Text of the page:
“If you work in Oakland County and you deal with customers or you deal with face-to-face gatherings, like grocery stores, you have to wear masks,” Birmingham says.
There are a lot of guidelines out there as well. And because they are not legally binding, the ways in which businesses follow them varies greatly.
Some of the most notable guidelines for businesses come from the Centers for Disease Control and Prevention.
The CDC guidelines include the following:
- Wear a cloth face covering at work if the hazard assessment has determined that they do not require personal protective equipment, such as a respirator or medical face mask for protection.
- Wear a cloth face covering as a measure to contain the wearer’s respiratory droplets and help protect their co-workers and members of the general public.
- Cloth face coverings are not considered PPE. They may prevent workers, including those who don’t know they have the virus, from spreading it to others but may not protect the wearers from exposure to the virus that causes COVID-19.
- Remind employees and customers that CDC recommends wearing cloth face coverings in public settings where other social distancing measures are difficult to maintain, especially in areas of significant community-based transmission.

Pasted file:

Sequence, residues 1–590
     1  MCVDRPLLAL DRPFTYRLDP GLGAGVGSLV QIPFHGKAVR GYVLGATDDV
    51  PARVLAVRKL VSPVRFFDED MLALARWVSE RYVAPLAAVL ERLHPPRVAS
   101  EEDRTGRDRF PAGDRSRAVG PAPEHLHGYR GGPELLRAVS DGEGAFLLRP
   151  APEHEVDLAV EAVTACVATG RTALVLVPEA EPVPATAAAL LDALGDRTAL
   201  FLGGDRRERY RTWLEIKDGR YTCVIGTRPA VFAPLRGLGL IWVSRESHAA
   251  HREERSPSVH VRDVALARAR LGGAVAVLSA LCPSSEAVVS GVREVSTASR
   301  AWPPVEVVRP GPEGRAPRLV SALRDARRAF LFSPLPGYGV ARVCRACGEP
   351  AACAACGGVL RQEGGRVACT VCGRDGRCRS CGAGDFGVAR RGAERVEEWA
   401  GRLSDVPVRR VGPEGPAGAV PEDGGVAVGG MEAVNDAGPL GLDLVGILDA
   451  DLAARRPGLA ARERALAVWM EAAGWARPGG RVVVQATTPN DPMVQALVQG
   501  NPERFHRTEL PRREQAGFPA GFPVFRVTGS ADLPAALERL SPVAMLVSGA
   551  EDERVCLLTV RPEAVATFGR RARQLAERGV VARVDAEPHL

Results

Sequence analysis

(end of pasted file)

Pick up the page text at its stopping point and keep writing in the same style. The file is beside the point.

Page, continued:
Wearing a cloth face covering, however, does not replace the need to practice social distancing.
Best Practice for Employees, Employers
Beyond what’s written in the law and the guidance, there’s also what’s best for business.
“People really have to exercise a good deal of common sense, stay informed, and make things available to their employees, particularly if they asked to be protected and to wear a face mask,” says Marick Masters, a business professor and interim chair of the Department of Finance at Wayne State University’s Mike Ilitch School of Business.
“If you have the potential to interact with a customer, you are probably best inclined to wear a face mask.” — Marick Masters, Wayne State University
“I think that trust is absolutely critical, particularly if you’re trying to restart your business and want people to feel comfortable coming back in,” Masters says. “There are going to be people that are going to be hesitant to come back in if word-of-mouth comes out that people don’t have face masks or they seem casual about it.”
“I think that you are better off from both a legal standpoint and a trust standpoint, and going the extra mile and trying to reassure people, that you’re doing everything humanly possible to protect the safety of your employees and your customers.”
But There Are Exceptions
Of course, companies could run into a situation where masks are not encouraged.
“You could have a situation where a mask or a face covering is incompatible with somebody’s disability,” Birmingham says.
“For example, somebody had asthma and wearing a mask, which is incompatible with their asthma or exacerbated it, then you’d have to talk to them and see if there’s gonna be a different kind of face covering they could wear, maybe a leave of absence as an accommodation.”